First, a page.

6 73. Implementing the mentor program ..74. Residency programs ..76. Conclusion ..77. Section 4: Evaluating the effectiveness of evidence-based Orientation ..79. Chapter 16: Is happiness still important? ..81. Introduction ..81. Level 1: Reaction ..82. iv 2006 HCPro, Inc. Designing Nursing Orientation : Evidence-Based Strategies for Effective Programs Chapter 17: Measuring evidence-based learning ..87. Level 2: Learning ..87. Measuring preexisting learning ..87. Chapter 18: Measuring application of knowledge ..91. Level 3: Behavior ..91. Chapter 19: Measuring results or impact ..95. Level 4: Results ..95. Chapter 20: Measuring return on investment ..97. Level 5: Return on investment ..97. Summary ..97. Nursing education instructional guide.
7 99. Nursing education exam ..102. Nursing education evaluation ..111. Designing Nursing Orientation : Evidence-Based Strategies for Effective Programs 2006 HCPro, Inc. v C HAPTER. 1 The evolution of Orientation Orientation is so much a part of staff development practice that it is difficult to believe that the process as we know it today has been in existence for only a few decades. How was the need for ori- entation first recognized? How do changes in healthcare provision influence the Orientation process? Early days Florence Nightingale established training schools for nurses in the mid-1800s for the purpose of improving the efficiency of patient care delivery in hospitals. She advocated that nurses embark on a journey of lifelong learning and use acquired knowledge and skills to improve patient care.
8 (1). These early schools of Nursing were affiliated with hospitals. Nurses learned the art and science of Nursing on patient units, and the hospitals were staffed primarily by students of Nursing . Upon gradu- ation, most nurses left the hospital setting and earned their living as private duty nurses in private practice. Because the majority of care was provided by Nursing students and few professional nurses were hired by the hospital, Orientation was not a high priority. However, all of that changed with the Great Depression of the 1930s. The number of people able to afford the services of private duty nurses decreased dramatically, and, for the first time, large numbers of graduate nurses sought work in the hospital setting. This shift in practice setting triggered the need for a variety of staff development services(1).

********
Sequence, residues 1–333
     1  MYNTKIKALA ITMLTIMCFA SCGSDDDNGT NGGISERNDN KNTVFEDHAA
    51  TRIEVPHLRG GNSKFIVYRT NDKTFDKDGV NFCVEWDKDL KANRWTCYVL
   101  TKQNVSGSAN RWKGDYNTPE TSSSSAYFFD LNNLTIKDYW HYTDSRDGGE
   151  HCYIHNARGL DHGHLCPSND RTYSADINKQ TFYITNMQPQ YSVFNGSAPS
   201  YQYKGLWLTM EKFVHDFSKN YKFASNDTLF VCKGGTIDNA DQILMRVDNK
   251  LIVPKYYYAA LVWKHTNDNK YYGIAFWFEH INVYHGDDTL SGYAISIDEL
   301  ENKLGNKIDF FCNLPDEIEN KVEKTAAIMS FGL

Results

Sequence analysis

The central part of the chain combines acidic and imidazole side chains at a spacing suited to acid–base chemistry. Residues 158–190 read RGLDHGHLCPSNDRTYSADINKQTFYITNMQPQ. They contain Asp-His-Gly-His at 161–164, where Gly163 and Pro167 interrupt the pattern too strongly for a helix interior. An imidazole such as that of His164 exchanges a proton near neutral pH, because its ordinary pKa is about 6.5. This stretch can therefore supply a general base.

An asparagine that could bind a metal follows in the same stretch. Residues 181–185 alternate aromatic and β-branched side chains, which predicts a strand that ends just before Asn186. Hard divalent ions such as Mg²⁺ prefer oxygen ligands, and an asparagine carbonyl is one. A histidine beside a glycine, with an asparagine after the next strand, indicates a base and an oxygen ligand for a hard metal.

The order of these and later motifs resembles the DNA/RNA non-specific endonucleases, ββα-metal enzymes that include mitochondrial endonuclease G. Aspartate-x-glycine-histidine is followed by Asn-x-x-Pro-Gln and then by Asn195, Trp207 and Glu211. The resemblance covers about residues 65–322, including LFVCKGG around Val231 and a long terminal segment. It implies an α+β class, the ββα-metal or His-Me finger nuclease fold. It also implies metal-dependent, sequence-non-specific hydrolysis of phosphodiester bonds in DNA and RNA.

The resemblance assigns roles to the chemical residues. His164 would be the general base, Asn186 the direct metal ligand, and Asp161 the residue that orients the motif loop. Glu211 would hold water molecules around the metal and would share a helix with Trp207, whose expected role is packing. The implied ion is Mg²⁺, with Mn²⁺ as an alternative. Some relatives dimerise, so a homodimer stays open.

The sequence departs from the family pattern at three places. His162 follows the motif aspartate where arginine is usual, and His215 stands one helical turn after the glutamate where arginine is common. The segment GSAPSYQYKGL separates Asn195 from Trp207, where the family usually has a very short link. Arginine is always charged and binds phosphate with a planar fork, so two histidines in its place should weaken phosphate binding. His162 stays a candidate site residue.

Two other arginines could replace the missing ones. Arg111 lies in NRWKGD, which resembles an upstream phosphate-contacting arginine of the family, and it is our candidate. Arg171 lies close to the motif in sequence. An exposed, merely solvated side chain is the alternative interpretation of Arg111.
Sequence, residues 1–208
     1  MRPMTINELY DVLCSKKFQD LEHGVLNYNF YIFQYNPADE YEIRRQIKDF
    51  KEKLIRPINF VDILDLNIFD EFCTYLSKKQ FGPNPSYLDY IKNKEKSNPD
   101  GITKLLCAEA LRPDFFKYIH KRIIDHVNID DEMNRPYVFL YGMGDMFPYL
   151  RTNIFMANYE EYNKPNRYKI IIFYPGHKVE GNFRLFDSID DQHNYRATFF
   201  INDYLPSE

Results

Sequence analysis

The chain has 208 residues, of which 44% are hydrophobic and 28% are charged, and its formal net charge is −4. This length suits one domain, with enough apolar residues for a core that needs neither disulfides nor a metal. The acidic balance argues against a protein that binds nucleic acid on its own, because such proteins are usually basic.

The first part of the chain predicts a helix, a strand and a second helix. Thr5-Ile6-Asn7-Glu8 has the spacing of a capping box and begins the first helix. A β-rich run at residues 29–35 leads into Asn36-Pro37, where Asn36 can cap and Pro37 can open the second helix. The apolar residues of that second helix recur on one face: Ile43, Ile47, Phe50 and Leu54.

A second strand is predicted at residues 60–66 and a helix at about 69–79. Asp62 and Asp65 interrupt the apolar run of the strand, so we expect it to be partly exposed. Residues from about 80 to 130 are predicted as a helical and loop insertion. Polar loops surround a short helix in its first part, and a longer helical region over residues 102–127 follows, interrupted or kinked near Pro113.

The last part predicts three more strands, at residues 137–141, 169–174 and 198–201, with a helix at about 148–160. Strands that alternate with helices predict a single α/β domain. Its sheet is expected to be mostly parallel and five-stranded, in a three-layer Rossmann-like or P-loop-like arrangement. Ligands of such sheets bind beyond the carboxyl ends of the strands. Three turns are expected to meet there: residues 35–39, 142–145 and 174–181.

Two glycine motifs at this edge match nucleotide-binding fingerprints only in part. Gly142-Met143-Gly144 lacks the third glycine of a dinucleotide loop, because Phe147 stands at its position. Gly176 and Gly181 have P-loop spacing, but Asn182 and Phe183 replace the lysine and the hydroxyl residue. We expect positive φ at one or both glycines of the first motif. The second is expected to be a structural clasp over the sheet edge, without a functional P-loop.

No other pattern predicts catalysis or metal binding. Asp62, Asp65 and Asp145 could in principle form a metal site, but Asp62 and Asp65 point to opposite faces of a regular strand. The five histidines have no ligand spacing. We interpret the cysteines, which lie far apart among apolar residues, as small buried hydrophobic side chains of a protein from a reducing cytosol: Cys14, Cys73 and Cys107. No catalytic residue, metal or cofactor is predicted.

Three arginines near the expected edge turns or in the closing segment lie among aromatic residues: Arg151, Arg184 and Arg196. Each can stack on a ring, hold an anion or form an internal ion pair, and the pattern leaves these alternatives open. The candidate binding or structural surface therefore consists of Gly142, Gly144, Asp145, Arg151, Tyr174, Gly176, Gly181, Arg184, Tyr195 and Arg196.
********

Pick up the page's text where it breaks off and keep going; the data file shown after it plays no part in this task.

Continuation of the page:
9 Designing Nursing Orientation : Evidence-Based Strategies for Effective Programs 2006 HCPro, Inc. 3. Chapter One Newly hired nurses needed to be oriented to hospital routines, policies, procedures, and equipment. They also needed to learn to function as team members who were responsible for large numbers of patients, rather than as nurses in private practice, who seldom cared for more than one patient at a time. Orientation and inservice were generally provided by charge nurses, and on-the-job training was the rule rather than the exception. Changes continued to take place rapidly in the healthcare arena. During both world wars, profes- sional nurses left the hospital setting in large numbers to enter the armed forces, and the numbers of non-professional staff increased to ease the effect of the departing nurses.
10 This increased the need for Orientation , continuing education and training for all healthcare providers. Emergence of staff development departments However, it was not until 1953 that the Joint Commission for the Improvement of Care of the Patient proposed that a department devoted to the training and continuing education of Nursing department employees be established (1). Orientation was a top priority of training and education departments, with members of such departments assuming the primary responsibility for the orienta- tion of new employees, including precepting their clinical work. In 1978, the Joint Commission on Accreditation of Hospitals mandated that a position to oversee and coordinate staff development activities be established in its affiliated hospitals (1).